There are millions of citizens reaching out for help only to find that, just by the nature of how their tax is calculated, they are now left by the wayside: the zero-hours worker in the events industry, who cannot get furloughed and is now on universal credit and in debt; the pay-as-you-earn freelancer working in television, who pays tax at source, whose work has now dried up due to the lockdown and whose last employer will not furlough them; the entrepreneurs who took the jump and excitedly became self-employed recently, only to find themselves ineligible for the self-employed income support scheme, and innovators and businesspeople, now desperate and afraid for the future. All those people form the excluded.
A number of distinct groups include 200,000 newly self-employed and 200,000 self-employed people previously earning more than £50,000 in profits, 1.1 million people who earn less than 50% of their income from self-employment, 300,000 new starters, 100,000 people denied furlough, 400,000 PAYE freelancers 700,000 limited company directors and nearly half a million people who have lost out due to maternity, parental or adoption leave—all individuals with the same hopes and dreams as us here in this room. Those groups are distinct, and a number of solutions will be necessary to provide the support that they deserve, but difficulty or complication is absolutely not a satisfactory excuse for disinterest, denial and lack of action.
The Bill I move today calls for the Government to report on the steps they plan to take to rectify the gaps in support, but I would like to assist the Treasury Benches by offering some suggestions that may guide their thinking. While this may sound like a list, each and every suggestion is our trying to find a solution to a human problem and a historic injustice.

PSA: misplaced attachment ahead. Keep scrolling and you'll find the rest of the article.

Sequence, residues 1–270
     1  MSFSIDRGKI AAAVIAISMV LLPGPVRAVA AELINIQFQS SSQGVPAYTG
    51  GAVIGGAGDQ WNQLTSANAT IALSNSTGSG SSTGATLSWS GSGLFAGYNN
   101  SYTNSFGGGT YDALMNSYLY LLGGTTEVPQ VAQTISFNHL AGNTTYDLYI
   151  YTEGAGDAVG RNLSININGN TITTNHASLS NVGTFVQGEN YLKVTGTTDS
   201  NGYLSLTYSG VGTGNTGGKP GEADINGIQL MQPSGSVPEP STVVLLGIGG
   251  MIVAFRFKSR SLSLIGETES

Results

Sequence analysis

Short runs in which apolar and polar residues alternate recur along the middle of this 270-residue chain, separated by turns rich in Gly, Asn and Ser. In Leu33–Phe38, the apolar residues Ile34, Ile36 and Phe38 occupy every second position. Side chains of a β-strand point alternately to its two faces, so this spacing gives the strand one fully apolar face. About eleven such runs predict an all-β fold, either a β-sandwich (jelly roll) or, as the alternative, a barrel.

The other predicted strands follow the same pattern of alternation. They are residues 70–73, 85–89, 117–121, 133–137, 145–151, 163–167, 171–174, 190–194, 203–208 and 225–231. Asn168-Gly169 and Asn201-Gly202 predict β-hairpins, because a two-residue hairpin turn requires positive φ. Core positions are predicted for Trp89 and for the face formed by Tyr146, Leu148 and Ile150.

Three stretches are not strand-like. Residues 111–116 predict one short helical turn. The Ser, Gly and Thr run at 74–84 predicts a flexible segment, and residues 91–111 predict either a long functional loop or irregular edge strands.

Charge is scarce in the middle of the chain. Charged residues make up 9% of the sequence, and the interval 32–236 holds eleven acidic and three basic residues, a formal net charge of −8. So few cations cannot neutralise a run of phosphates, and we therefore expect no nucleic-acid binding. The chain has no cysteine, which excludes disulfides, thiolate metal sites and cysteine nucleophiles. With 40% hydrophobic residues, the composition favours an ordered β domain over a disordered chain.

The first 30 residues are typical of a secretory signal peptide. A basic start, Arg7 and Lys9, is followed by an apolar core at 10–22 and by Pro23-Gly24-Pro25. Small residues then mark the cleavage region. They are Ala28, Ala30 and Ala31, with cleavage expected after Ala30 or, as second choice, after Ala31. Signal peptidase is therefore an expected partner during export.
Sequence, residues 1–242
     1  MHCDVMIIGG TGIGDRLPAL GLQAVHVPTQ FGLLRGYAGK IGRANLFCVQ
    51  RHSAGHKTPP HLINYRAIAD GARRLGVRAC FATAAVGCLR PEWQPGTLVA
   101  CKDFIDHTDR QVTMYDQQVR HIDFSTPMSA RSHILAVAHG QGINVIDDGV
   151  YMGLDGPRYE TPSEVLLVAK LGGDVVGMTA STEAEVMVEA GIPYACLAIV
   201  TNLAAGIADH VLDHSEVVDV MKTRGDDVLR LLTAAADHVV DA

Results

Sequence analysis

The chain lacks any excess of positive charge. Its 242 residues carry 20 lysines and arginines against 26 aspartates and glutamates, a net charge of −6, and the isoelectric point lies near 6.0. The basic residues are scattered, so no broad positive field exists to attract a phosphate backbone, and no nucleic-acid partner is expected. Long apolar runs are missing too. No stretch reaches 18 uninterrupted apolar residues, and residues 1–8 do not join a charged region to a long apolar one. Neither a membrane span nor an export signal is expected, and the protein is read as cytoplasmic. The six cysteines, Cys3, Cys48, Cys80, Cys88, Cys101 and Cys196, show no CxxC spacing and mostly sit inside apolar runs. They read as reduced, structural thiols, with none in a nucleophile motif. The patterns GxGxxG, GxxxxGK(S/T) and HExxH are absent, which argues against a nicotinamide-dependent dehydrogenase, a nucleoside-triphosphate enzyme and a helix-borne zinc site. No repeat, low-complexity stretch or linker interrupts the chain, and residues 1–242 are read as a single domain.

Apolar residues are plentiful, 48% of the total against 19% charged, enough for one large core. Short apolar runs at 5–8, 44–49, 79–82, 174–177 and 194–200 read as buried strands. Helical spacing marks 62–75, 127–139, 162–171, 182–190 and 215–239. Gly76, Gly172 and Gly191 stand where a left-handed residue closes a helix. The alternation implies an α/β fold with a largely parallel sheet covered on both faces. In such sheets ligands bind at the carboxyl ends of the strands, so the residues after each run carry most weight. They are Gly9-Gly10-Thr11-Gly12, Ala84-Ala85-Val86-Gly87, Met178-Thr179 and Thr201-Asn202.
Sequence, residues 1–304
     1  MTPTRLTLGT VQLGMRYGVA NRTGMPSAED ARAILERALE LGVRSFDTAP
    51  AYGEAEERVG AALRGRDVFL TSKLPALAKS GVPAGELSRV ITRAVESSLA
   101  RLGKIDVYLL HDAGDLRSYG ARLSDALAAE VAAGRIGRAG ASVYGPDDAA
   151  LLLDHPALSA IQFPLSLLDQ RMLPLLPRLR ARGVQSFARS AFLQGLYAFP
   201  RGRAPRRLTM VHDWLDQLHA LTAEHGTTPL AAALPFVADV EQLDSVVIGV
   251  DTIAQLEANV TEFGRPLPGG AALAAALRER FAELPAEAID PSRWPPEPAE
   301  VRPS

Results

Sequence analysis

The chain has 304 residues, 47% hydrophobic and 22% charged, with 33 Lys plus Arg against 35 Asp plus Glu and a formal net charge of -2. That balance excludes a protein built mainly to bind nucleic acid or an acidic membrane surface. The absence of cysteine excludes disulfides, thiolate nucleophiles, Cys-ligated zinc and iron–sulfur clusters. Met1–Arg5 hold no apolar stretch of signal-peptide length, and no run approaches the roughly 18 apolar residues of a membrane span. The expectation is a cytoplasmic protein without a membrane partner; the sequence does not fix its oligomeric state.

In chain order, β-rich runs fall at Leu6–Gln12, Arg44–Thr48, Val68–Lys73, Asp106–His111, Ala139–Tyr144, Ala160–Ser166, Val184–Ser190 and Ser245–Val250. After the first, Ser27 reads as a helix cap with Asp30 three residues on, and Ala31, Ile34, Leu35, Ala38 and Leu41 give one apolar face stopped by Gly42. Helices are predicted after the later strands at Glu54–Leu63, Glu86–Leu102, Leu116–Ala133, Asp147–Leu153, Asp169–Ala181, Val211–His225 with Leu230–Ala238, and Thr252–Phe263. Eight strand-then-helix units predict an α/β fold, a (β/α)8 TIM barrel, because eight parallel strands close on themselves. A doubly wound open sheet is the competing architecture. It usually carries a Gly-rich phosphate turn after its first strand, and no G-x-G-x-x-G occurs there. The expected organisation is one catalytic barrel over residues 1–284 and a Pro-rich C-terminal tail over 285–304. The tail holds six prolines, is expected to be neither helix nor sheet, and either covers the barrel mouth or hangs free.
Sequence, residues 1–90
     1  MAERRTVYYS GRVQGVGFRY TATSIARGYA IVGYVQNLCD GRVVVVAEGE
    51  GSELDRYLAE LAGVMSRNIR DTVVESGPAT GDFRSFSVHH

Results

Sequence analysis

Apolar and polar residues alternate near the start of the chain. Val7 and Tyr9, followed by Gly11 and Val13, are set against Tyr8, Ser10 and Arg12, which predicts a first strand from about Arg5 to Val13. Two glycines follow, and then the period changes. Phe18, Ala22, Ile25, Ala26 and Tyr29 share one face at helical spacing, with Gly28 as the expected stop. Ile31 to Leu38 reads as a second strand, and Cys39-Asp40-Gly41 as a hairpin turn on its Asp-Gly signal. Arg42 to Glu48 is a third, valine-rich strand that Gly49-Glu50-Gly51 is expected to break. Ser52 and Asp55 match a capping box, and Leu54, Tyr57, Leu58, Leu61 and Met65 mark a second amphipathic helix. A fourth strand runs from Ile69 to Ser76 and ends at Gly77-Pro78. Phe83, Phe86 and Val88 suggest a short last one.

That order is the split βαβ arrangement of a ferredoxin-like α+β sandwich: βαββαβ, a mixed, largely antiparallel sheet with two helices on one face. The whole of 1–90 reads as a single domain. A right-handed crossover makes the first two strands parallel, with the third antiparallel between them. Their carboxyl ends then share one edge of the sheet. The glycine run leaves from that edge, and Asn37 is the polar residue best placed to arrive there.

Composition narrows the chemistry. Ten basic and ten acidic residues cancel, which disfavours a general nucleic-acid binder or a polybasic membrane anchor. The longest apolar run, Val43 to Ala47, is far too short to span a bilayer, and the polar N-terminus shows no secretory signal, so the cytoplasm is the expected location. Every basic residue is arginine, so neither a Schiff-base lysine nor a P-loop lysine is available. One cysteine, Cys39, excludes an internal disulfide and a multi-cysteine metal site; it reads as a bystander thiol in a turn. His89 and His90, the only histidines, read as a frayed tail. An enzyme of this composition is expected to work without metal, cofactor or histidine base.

First, the newly self-employed could be included in the fourth round of SEISS. Throughout the pandemic, the number of self-employed has been gradually reducing, so it is unlikely the number of claimants would be more than 300,000—a simple and very fair measure. Many directors of small and medium-sized businesses were unable to furlough themselves, either because it would mean that they were not allowed to do any work at all or because they were ineligible. A directors’ income support scheme could help to support company directors, which is really important because there will be no meaningful recovery from covid if there are no businesses left standing to employ people.
Many freelancers who have not worked in the last tax year and received no meaningful financial support have lived on money put aside to pay their tax. With their tax bills now due, perhaps the Treasury could waive tax for those whose income is less than their tax bill. It is also nothing short of an outrage that self-employed mothers have no ability to discount their maternity leave from SEISS payments. That leaves tens of thousands of women discriminated against and out of pocket, and it must be changed and backdated without delay.
For those who are employees, access to furlough was entirely in the hands of the employer. Those who have been refused have been left destitute. People are increasingly desperate; only this week I spoke to a man who had just sold his house, saying, “At least we have something left to sell.” A one-off taxable grant, while far from comprehensive, could work—a flat payment that would be administratively simple and secure in that, if it pushed them against the income spectrum, the grant could return to the Treasury via the tax system. For the excluded, the Treasury could look at a taxpayer targeted support scheme, which would allow people to claim what they would have received in different circumstances. These are just many suggestions that could help, but the Treasury must show the political will and instruct its policy experts to find solutions. With the supermarkets returning £2 billion to the Treasury—money already allocated—this could be the ideal time to put those schemes into practice.
The coronavirus pandemic has taken so much from us, and the Government have provided unprecedented financial support to millions, which is absolutely to be commended, but the schemes were put in at speed and we now have the bandwidth to attend to the detail and support those left behind.
In drawing my contribution to a close, I pay tribute to the 3 million excluded, who have campaigned and organised in increasingly difficult personal circumstances. No one could have foreseen the pandemic, and they have been left out of meaningful support through no fault of their own. I hope that the Government and the Treasury understand that now is the time to right this historic wrong.